PHILADELPHIA (CBS) — A group of volunteers found a way to help girls in underdeveloped countries stay in school, and it’s using something many girls here might take for granted. Inside St. David’s Episcopal Church in Wayne, you’ll often hear the unmistakable sound of sewing machines.
“These things will go to people in need,” said 15-year-old Conestoga High School sophomore Ainsley Payne. “That’s just such a good feeling.”READ MORE: ABC Men Feeding Philadelphia Community Physically And Spiritually One Box At A Time
“These things” are reusable sanitary products for girls and women. Leslie Roy got the idea four years ago while on a mission trip in Uganda to feed children. She suddenly needed pads, but unlike in the U.S., disposable products weren’t readily available.
“I thought, ‘These kids, if they can’t afford to eat lunch every day, aren’t going to be able to buy a disposable product,'” Leslie said.
Leslie and a team of volunteers started Project Ensonga, sewing washable menstrual hygiene kits out of cheerful bright fabric for girls and women.
Volunteer Meg Tredinnick explained how the shields work. “It has these pockets in it that fit the liners, then it has snaps that snap around the underwear.”READ MORE: Camden County Health Officials Enlisting Bilingual Volunteers To Help Dispel COVID Vaccine Fears In Latino Community
The pattern comes from an international organization called Days For Girls. Everything is made to exacting specifications so they’ll hold up for three years of handwashing and line-drying. They’re packed with underwear and other supplies in a handmade bag.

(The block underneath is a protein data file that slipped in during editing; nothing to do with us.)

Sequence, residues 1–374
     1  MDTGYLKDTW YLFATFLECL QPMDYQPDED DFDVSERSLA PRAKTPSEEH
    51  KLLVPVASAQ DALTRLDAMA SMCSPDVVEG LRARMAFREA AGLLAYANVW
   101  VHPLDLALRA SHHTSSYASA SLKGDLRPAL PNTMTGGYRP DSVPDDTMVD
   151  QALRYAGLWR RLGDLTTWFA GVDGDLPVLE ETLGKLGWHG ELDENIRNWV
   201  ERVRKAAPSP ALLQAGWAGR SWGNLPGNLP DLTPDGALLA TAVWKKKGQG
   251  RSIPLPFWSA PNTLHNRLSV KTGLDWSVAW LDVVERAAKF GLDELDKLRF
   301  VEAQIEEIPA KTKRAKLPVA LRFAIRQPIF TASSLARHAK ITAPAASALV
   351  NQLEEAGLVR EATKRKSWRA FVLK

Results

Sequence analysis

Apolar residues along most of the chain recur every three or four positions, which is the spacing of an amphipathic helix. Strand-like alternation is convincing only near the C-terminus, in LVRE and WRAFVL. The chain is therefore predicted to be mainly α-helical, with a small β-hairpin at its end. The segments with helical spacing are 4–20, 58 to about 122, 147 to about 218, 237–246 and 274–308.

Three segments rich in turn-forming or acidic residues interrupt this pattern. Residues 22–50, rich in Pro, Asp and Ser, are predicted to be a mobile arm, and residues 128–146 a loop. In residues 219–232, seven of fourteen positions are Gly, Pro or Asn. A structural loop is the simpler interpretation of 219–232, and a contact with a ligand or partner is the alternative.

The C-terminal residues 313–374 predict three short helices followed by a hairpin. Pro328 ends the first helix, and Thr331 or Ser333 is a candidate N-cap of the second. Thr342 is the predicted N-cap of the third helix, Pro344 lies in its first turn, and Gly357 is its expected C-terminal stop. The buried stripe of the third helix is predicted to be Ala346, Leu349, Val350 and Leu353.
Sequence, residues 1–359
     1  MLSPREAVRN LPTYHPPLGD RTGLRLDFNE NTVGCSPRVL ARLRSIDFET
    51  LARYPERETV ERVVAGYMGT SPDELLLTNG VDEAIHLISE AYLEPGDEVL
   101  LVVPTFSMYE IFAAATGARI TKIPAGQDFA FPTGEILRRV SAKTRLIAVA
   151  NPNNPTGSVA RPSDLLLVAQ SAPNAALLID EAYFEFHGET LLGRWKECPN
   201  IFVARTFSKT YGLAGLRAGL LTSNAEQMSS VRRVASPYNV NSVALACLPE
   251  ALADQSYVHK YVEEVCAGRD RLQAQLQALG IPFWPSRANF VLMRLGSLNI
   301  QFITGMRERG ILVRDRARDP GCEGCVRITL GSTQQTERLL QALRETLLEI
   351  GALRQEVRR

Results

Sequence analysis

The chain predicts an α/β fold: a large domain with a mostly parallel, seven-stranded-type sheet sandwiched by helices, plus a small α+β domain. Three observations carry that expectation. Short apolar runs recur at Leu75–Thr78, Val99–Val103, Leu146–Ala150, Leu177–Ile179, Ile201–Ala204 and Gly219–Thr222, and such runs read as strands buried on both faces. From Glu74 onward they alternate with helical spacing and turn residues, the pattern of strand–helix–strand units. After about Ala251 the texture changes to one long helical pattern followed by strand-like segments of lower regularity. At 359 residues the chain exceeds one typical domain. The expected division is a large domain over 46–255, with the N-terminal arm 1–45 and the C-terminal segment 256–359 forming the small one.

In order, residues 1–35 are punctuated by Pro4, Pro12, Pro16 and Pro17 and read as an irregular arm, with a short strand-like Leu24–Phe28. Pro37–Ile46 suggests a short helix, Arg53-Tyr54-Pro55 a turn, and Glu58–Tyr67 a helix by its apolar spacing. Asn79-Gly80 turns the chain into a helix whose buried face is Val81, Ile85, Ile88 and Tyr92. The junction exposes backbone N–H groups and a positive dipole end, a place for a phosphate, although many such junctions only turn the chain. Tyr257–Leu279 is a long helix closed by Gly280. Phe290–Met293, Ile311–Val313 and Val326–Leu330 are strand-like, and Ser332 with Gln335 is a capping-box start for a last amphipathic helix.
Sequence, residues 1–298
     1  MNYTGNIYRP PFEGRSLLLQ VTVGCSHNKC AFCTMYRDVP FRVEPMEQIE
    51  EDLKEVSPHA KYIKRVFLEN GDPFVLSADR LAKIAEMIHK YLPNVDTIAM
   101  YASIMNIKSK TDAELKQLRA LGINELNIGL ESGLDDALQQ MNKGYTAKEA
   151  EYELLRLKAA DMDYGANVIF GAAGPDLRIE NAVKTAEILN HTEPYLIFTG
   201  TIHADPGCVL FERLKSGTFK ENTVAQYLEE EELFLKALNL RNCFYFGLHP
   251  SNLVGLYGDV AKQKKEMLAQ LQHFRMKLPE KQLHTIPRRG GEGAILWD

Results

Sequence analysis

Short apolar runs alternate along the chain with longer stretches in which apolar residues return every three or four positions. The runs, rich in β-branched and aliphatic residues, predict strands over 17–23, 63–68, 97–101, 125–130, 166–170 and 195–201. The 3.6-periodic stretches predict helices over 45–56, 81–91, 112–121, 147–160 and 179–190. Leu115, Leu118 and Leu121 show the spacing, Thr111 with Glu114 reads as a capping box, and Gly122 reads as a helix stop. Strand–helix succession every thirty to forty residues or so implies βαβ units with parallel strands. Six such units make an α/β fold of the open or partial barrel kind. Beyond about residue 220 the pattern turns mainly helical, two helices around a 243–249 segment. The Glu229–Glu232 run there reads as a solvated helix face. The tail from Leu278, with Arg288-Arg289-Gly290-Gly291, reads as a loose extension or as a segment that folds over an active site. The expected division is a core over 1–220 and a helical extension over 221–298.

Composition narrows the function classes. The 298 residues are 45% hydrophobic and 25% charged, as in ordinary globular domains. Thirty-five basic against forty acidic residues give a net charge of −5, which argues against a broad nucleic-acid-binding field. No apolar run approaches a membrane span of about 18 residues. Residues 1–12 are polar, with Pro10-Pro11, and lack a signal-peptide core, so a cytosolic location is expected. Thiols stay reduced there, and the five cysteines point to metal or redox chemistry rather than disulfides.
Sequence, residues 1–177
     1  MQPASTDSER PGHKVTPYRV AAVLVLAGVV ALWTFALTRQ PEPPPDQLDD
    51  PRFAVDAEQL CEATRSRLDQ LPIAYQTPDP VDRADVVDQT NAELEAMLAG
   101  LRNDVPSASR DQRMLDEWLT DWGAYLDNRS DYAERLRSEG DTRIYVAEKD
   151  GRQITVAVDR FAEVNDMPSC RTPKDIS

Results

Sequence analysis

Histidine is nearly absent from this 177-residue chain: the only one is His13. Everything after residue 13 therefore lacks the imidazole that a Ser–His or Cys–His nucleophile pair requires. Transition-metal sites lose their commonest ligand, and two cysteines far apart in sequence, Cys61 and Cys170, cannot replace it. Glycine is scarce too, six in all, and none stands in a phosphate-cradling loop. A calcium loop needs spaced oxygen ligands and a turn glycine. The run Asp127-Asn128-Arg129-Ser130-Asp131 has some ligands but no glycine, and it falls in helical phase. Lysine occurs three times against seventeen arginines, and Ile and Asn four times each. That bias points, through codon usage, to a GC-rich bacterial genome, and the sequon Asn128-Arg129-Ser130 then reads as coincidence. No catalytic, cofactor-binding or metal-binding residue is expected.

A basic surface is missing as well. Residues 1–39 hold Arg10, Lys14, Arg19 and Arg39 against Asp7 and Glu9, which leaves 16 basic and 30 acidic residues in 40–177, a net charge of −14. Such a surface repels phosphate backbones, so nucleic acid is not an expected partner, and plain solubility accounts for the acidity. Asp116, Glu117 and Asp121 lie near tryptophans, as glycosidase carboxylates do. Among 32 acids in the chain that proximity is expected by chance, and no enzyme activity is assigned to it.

“When the girls would have the kits, you’d go into the dorms, and they were thrilled,” Leslie said.
The products can make a huge difference in education. Girls in developing countries often miss school just because they’re menstruating.
“Missing a week of school every month, you miss a lot,” said volunteer Rush Senapathy, a Conestoga High School senior. “You miss a lot in a day here, so I can only imagine what they’re missing there.”
This team has delivered 2,200 kits so far. They’re also teaching seamstresses in developing countries how to make them, so these can become a reality everywhere.MORE NEWS: 'Really Good Step In The Right Direction' For Philadelphia Restaurants As Some COVID Restrictions Relaxed
To reach Project Ensonga, click here.